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n the good old days — way back in early 2012 — people who contracted gonorrhea were given a single pill to cure the infection. A newly published paper shows that a time is fast approaching when a far more onerous course of medical care may be required to get rid of a bacterium that seems hell-bent on becoming untreatable.

Neisseria gonorrhoeae, the bug that causes gonorrhea, has relentlessly vanquished every antibiotic medical practice has used against it. The current recommended cure — an injection of a drug called ceftriaxone, given in combination with a second antibiotic, azithromycin — is the last good option to treat this infection, and there are already signs that its days may be numbered.

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  • Helen Branswell’s article, “A case study in the fast-rising threat of antibiotic resistance” (2018), is a frightening reminder of the danger that antibiotic resistance poses to human health. To think that previously treatable diseases like gonorrhea could once again become serious medical threats is shocking and disheartening.

    It took eight weeks and a whopping four different antibiotics to treat the man in Branswell’s article for a simple case of gonorrhea. Physicians agree that a primary driver of cases like this is antibiotic misuse.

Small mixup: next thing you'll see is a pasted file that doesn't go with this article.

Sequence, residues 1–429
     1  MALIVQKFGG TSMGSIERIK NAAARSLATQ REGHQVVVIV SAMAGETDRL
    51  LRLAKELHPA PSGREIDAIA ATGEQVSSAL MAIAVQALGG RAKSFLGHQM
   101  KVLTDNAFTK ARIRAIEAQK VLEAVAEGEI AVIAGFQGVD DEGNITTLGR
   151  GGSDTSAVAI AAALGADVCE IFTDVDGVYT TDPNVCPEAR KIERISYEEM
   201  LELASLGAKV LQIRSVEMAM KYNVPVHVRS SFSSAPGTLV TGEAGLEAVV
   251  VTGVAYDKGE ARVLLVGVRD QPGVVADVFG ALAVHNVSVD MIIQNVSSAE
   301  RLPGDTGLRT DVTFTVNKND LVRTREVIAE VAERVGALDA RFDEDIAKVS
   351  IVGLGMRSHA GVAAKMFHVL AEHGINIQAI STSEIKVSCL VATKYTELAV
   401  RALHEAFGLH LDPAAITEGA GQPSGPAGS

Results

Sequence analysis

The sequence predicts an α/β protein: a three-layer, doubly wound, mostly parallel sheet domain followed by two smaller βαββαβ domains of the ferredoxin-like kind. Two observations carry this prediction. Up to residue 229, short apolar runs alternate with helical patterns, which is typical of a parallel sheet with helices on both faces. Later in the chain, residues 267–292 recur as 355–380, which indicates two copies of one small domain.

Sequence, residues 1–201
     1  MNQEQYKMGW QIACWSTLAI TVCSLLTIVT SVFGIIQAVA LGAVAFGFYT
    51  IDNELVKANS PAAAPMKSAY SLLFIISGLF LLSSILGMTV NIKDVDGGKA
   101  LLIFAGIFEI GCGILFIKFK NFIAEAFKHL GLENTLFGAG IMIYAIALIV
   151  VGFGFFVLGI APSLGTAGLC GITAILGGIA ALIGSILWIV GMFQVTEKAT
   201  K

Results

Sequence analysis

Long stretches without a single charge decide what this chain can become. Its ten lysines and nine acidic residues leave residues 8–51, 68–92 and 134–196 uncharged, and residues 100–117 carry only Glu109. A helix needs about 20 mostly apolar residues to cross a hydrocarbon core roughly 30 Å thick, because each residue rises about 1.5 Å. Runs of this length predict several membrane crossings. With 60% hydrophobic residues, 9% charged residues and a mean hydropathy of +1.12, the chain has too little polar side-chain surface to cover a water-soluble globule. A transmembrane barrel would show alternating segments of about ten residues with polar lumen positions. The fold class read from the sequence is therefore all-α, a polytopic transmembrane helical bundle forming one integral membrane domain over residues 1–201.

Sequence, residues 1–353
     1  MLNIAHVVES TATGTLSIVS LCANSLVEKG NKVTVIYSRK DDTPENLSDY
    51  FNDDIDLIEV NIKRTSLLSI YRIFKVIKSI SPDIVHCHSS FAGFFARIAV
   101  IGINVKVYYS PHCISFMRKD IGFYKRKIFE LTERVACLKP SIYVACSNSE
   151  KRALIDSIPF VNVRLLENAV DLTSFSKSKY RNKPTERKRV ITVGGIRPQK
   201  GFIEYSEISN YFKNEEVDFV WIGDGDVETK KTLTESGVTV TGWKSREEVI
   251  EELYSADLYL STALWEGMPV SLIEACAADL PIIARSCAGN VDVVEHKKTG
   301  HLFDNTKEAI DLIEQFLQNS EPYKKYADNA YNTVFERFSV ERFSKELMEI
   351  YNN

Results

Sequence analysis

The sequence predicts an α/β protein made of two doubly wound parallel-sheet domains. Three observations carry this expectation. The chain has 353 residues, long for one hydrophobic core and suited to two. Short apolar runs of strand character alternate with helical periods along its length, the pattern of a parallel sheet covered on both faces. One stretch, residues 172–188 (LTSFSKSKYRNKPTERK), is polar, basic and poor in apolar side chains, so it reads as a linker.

Drug-resistant gonorrhea is one piece of a much larger problem. According to the Centers for Disease Control, 2 million Americans are infected by antibiotic-resistant bacteria and 23,000 die as a result each year.

    Surprisingly, approximately 70% of medically-important antibiotics sold in the US are used on farm animals, in most cases when the animals aren’t even sick. The antibiotic resistant bacteria that arise from misuse can have serious ramifications for human health. A recent study estimated that by 2050, antibiotic-resistant bacteria may kill more people every year than cancer does today (Review on Antimicrobial Resistance, 2014). Clearly it’s time to stop the overuse of antibiotics across the board, in human healthcare and on industrial farms.

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